This book assesses the 2008-2009 financial crisis and its ramifications for the global economy from a multidisciplinary perspective. Current market conditions and systemic issues pose a risk to financial stability and sustained market access for emerging market borrowers. The volatile environment in the financial system became the source of major threats and some opportunities such as takeovers, mergers and acquisitions for international business operations. This volume is divided into six sections. The first evaluates the 2008-2009 Global Financial Crisis and its impacts on Global Economic Activity, examining the financial crisis in historical context, the economic slowdown, transmission of the crisis from advanced economies to emerging markets, and spillovers. The second section evaluates global imbalances, especially financial instability and the economic outlook for selected regional economies, while the third focuses on international financial institutions and fiscal policy applications. The fourth section analyzes the capital market mechanism, price fluctuations and global trade activity, while the fifth builds on new trends and business cycles to derive effective strategies and solutions for international entrepreneurship and business. In closing, the final section explores the road to economic recovery and stability by assessing the current outlook and fiscal strategies.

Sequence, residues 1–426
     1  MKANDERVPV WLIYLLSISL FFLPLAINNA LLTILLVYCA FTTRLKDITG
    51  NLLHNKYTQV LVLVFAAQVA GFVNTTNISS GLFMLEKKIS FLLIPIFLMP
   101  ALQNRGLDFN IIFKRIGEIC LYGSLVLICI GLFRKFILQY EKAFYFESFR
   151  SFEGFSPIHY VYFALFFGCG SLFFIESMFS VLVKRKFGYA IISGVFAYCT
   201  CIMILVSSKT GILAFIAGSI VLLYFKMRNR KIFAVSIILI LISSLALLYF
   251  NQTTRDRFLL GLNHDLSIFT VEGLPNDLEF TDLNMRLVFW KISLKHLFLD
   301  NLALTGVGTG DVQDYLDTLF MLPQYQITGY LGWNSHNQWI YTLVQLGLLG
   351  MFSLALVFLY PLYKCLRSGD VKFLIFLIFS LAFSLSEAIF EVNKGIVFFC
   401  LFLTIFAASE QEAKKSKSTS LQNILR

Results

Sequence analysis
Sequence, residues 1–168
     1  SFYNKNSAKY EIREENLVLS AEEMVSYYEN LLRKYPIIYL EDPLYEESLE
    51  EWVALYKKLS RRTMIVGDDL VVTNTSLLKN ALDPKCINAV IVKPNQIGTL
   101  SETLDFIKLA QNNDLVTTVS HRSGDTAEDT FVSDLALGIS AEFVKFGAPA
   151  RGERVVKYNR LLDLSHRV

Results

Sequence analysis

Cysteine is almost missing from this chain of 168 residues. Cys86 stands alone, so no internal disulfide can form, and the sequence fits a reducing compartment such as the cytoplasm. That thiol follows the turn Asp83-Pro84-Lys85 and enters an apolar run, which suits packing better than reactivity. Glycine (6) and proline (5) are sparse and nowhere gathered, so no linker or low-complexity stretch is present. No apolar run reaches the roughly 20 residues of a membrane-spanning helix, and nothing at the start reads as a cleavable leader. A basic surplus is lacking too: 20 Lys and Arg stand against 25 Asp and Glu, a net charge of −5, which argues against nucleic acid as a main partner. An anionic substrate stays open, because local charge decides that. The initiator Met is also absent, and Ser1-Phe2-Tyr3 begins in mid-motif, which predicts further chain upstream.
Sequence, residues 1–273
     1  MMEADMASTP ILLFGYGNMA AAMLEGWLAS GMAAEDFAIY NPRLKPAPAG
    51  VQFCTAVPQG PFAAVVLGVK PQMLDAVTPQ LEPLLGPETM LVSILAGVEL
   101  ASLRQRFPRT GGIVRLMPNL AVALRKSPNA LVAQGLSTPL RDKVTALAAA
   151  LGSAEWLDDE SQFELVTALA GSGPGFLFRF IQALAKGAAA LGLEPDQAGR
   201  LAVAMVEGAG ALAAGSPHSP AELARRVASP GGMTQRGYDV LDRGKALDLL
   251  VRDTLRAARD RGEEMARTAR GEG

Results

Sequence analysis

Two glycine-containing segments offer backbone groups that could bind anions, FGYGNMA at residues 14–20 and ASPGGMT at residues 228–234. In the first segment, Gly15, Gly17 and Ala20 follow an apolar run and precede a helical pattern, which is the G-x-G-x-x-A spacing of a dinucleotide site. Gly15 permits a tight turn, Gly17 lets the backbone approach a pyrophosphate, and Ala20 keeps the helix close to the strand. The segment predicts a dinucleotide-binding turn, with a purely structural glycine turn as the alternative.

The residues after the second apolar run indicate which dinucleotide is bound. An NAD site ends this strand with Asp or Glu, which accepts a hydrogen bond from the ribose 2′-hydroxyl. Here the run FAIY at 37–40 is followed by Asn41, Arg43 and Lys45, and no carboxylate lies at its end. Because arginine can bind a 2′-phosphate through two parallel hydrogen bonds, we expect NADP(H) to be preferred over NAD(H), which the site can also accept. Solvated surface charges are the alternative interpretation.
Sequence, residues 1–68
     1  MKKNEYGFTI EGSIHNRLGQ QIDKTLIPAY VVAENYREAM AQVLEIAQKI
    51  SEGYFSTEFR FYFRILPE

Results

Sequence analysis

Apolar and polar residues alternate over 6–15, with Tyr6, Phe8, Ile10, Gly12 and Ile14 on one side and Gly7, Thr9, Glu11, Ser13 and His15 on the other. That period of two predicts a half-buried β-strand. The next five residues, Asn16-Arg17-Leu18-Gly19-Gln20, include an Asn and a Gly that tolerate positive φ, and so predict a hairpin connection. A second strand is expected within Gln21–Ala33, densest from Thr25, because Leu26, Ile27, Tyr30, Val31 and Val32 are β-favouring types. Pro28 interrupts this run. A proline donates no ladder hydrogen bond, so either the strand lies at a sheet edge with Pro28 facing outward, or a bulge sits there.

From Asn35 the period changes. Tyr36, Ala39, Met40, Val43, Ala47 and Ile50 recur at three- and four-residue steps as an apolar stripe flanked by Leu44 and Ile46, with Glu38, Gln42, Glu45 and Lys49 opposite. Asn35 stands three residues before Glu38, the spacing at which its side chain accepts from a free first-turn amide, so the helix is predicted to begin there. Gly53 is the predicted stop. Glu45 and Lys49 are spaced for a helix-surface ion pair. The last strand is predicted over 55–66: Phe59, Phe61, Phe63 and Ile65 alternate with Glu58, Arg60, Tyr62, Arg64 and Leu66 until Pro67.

This paper discusses the extent to which national capital markets have become linked, and identifies several of the more important consequences of that increased degree of integration. Alternative approaches to the measurement of capital market integration are reviewed, including deviations from the law of one price, differences between actual and optimally diversified portfolios, correlations between domestic investment and domestic saving, and cross-country links in consumption behavior. Two recent episodes of large-scale international capital flows—namely, the turmoil in the European Monetary System in the fall of 1992, and the surge of capital inflows into Latin America during the last three years—are examined for insights into the workings of today’s global capital market. Finally, the paper offers some concluding remarks on the future development of international capital markets, on exchange rate management, on alternative approaches to living with larger and more influential financial markets, and on the financing of investment in the formerly centrally planned economies.
This study analyzes the supply side of the international financial architecture. It asks the question: How can G-10 capital suppliers reform their system to contribute to a safer world of capital mobility? It contains coverage of capital flows and the benefits of cross-border capital flows.